Now let’s imagine that we’re back in a stressful situation and put our subconscious anchors to use. - Picture a moment of stress, perhaps when you had that all-important speech, or perhaps a confrontation with your boss. Or maybe a project deadline was approaching. Whatever the case may be, as you recall the moment you begin to feel the pressure. Stress builds up and you again feel that familiar sensation of concern rising within you. - At the point in which you begin to feel the mounting stress, again touch your finger to your thumb, suddenly recalling the positive emotions you previously captured. - Picture the less-confident emotions instantly turning into the positive ones. As if by magic, you can begin to recall the calm, secure, confident feelings you had at your moment(s) of success. - Again rub the fingertip against your thumb and feel the sense of calm and confidence deepen.
Repeat this trick as often as needed, training your subconscious mind to associate the finger touch and the positive emotion. In doing this, we are reminding the subconscious of the confidence you felt at that earlier positive moment. Yes, you can succeed. You can do it because you did do it.
Taming the beast
One such additional way is to find the programming, the associations of the events in your life and the corresponding stress responses you experience. The first step is to ask yourself, does this reaction feel familiar? Have you felt this way before, perhaps sometime earlier in life?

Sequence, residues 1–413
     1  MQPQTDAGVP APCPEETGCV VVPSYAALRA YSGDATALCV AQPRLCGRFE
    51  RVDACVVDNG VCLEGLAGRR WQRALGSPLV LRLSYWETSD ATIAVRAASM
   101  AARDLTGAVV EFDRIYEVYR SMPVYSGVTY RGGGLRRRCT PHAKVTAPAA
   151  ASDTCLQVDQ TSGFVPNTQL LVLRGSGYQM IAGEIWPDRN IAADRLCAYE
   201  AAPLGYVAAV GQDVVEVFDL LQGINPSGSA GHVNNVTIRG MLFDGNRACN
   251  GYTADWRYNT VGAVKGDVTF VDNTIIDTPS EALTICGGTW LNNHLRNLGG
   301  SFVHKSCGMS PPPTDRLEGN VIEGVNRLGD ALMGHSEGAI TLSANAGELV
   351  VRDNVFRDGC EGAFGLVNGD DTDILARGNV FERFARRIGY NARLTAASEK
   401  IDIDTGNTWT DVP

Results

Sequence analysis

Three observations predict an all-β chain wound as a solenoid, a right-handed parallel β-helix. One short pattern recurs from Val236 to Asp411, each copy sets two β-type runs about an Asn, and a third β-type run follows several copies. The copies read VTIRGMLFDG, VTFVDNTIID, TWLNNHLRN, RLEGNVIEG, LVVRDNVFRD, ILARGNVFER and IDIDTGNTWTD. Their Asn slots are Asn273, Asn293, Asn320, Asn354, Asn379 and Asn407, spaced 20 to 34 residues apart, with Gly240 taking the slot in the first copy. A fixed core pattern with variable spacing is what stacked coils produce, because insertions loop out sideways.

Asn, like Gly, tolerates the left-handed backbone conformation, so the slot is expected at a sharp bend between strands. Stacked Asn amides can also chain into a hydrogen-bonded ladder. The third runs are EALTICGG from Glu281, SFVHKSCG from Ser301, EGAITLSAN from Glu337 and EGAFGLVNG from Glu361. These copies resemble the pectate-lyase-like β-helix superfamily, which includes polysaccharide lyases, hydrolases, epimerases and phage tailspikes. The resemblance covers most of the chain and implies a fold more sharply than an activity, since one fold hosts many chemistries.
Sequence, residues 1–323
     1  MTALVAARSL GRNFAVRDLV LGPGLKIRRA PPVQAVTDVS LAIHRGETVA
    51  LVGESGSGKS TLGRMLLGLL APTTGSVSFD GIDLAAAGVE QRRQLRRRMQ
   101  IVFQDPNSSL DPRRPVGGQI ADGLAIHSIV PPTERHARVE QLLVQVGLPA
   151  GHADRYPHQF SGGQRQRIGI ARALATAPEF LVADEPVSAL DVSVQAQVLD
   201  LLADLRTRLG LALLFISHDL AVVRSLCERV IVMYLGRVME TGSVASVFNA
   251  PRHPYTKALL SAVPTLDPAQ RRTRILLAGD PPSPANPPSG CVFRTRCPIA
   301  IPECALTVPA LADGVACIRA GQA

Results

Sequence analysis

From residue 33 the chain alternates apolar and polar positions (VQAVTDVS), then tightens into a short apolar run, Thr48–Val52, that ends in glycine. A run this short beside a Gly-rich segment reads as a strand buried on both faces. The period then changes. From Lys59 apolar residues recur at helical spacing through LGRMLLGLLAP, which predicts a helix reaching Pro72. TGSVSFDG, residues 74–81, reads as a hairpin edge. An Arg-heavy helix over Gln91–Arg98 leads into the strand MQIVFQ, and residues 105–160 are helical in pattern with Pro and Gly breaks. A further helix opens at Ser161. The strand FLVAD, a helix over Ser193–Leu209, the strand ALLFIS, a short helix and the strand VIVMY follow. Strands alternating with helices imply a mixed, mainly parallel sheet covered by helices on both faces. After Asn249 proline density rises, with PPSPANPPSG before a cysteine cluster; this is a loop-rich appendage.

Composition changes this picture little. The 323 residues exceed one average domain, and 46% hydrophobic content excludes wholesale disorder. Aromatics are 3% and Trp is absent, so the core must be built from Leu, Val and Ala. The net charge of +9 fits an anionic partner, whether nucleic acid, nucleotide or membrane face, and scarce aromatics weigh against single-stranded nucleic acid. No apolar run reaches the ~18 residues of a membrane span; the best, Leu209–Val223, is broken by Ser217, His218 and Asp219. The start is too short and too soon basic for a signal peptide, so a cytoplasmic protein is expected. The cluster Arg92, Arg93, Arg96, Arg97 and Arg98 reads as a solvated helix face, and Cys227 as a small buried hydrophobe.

Just as when, during a daydream, you might have lost yourself within your memory. Using hypnosis we can recreate that daydream state and return to the memory of an earlier time in which this association began. We can then use the healing technique above, re-invoking the positive emotion anchor we used earlier, to disconnect the negative associations. In effect, we can turn off the programming.
By finding the right event in your memory, it may be possible to greatly reduce the stress reaction you initially felt, perhaps even stop it entirely. And when this happens, it is as if someone lifted a heavy weight from your shoulders. Fear turns to freedom. Darkness turns to light.
Often, during my hypnotherapy sessions with clients, when this deep subconscious healing happens, I see the client’s shoulders square up. I see the person sit higher in the chair, taking a deep relaxed breath – maybe for the first time in years. It is a joy to behold, and an even greater joy to experience for yourself.When the client emerges from hypnosis, he/she feels far happier, far more confident. At least for the moment, they have tamed the wild stress beast within, set aside the burden and become free.
Summary and beyond
The techniques described above are just a few of the many ways to bring relief from stress. There are a lot of other techniques as well. In this article, we have discussed ways to help tame the monster and hopefully, to bring peace and calm to your life. I invite you to try out one or more of the techniques we examined in this article series. Use them repeatedly and allow yourself to notice the changes. Like any skill, your results will improve with use, so you can feel better regardless of the level of success each time you use it. Practice makes perfect.
Please also feel free to check out more of my own website, Explore with Hypnosis, or view my self-hypnosis CDs and downloads on-line at The Hypnosis Store. Let me know how any of these work for you.
You can also e-mail me or call me at the address below: Craig R. Lang, Certified Hypnotherapist Minneapolis, MN 612-888-4976(HYPN) e-mail: email@example.com
I wish you the best of luck, smooth sailing and a safe journey down the path of life.